This is not the first case of summoning an Iranian Ambassador to the Danish Foreign Ministry.

Denmark announced in late October 2018 that the Iranian ambassador to Copenhagen, Morteza Moradian, had been summoned to the Danish Foreign Ministry following Danish security forces foiling an Iranian plot to kill an exiled Iranian dissident.

Earlier, a Norwegian citizen of Iranian origin was arrested on October 21, 2018 on suspicion of helping an unspecified Iranian intelligence service '"to act in Denmark" and allegedly becoming involved in an assassination plot, Danish security service chief Finn Borch Andersen said.

Denmark recalled its ambassador to Iran after the country accused Tehran of plotting to kill three Iranian dissidents living there.

Prime Minister Lars Loekke Rasmussen and Foreign Minister Anders Samuelsen both called the alleged Iranian attack in Denmark "totally unacceptable."


Emiratis, Israelis meet in Dubai as part of women’s forum event

October 09, 2020

LONDON: A group of Emirati and Israeli women met in Dubai for the first time, in a meeting held as part of the Gulf-Israel Women’s Forum.

The group, co-founded by Jerusalem’s Deputy Mayor Fleur Hassan-Nahoum and the co-founder of the Jewish Women’s Business Network Justine Zwerling, is a division of the newly formed UAE-Israel Business Council.

“I believe that women are natural peace builders. We created the Gulf-Israel Women’s Forum in order to facilitate people-to-people, grassroots peace building,” Hassan-Nahoum said.

“It was an honor to host this very memorable and historic meeting of Israeli and Emirati women in Dubai, creating bonds and making a better future for our children.”

The UAE-Israel Business Council, which was founded in June, has grown to almost 2,000 members since the announcement in August of the UAE and Israel normalizing relations, according to Hassan-Nahoum.

To date there are 250 Israeli companies trading with the UAE, and the council aims to help increase that number over the next couple of years.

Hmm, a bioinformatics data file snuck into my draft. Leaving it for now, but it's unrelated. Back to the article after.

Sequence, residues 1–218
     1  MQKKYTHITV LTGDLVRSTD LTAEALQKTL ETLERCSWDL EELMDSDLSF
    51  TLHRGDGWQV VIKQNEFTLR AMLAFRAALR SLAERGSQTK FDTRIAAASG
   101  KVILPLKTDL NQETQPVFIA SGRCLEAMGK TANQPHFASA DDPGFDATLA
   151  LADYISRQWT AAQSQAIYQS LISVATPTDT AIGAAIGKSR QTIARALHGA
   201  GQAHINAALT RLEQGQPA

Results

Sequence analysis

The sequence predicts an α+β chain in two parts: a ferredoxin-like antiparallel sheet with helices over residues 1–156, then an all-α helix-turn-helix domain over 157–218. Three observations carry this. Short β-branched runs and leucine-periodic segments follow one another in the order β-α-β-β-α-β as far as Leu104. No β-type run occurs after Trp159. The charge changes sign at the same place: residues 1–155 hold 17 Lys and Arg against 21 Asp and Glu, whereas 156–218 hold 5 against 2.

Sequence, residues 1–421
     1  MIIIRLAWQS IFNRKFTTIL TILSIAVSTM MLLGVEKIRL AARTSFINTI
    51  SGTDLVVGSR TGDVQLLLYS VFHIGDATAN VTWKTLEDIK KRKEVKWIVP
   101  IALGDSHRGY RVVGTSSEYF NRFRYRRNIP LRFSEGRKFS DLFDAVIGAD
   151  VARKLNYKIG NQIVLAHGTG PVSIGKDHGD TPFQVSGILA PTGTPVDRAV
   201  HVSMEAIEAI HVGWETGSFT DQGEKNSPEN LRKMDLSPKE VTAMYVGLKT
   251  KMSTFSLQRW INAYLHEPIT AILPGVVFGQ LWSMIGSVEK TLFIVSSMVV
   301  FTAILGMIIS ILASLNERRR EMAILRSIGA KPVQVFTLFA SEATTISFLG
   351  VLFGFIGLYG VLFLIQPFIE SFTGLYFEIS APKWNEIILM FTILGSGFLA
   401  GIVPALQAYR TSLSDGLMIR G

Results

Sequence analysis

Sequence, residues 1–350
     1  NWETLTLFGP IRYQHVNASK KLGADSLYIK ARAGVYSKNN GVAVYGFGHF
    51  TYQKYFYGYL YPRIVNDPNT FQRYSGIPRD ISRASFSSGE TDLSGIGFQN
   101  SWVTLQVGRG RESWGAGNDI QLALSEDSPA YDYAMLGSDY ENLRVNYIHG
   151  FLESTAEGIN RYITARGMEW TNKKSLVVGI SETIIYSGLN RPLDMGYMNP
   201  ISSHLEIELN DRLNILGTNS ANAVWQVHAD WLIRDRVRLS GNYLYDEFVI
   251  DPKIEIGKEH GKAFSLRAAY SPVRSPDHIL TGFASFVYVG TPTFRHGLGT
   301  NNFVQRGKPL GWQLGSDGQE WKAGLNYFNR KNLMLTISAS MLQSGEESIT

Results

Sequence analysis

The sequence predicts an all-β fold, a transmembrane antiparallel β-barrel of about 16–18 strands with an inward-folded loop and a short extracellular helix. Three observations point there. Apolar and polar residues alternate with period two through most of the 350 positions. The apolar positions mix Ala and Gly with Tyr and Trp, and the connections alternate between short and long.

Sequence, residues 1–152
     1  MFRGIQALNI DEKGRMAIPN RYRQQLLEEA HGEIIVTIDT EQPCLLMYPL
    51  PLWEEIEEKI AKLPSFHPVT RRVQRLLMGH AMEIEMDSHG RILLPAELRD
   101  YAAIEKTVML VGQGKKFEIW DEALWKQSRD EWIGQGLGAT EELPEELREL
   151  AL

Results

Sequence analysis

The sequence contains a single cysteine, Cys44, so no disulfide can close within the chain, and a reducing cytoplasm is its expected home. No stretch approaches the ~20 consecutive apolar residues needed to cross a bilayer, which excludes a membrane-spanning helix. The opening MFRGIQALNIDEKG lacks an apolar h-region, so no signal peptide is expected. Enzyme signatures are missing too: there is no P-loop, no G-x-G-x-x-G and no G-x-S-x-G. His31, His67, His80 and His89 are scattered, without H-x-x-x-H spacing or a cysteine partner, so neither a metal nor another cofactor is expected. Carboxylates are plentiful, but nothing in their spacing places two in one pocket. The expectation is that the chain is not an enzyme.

In September, the energy ministers and tourism officials from the UAE and Israel discussed possible cooperation, travel opportunities and investment openings.

Also in September, Dubai’s Al-Habtoor Group announced plans to open a representative office in Israel, and the Abu Dhabi Investment Office said it will open its first office outside the UAE in the city of Tel Aviv.


Bangladesh PM Urged To Take Action on Rape Cases

October 09, 2020

DHAKA: There were protests in Bangladesh on Wednesday against recent incidents of rape and sexual violence, with some demonstrators demanding that the prime minister introduce the death penalty for convicted rapists.

According to data from the human rights group Ain O Salish Kendro, 975 women were raped between January and September this year, with 208 of those subjected to gang rape. Forty-five women were killed after being assaulted, while 12 were reported to have killed themselves.

“It's happening due to the existing system of lawlessness in society,” Asmani Asha, a spokesperson for the civil society group Bangladesh Against Rape (BAR), told Arab News. “The whole system in the country needs an overhaul to ensure a safe environment for women.”

The protests followed two gang-rapes in the country’s Noakhali and Sylhet districts.

In the first case, which took place on Sept. 2, the victim was attacked at her home. The perpetrators filmed the assault and shared it on social media. There have been six arrests in Noakhali so far.

On Sept. 25, a woman who was with her husband at a college campus in Sylhet city was abducted and gang raped in a dormitory. Police have arrested six people, who are reported to be student leaders in the ruling Awami League (AL) party headed by Prime Minister Sheikh Hasina.

“The ruling party’s activists were found accused in connection with rape incidents, and many cases didn't come under the purview of legal systems. Our prime minister is a woman too. So we expect a bold initiative from her to protect the women of the country," Asha added, demanding the death sentence for the perpetrators. “Our protests will continue until the demands are met."

There is no provision for the death penalty for sex-related crimes in Bangladesh, and individuals are sentenced to life imprisonment if convicted.

The government has pledged to bring all perpetrators to justice “irrespective of their political and social affiliations.”

Officials on Wednesday expressed their solidarity with the victims.

“I am very saddened over the recent rape and violence incidents in the country … I express my solidarity with the protesters and personally believe that the culprits should be awarded capital punishment," Fazilatun Nessa Indira, minister for women and children affairs, told Arab News. She urged Bangladeshis to “boycott” the rapists.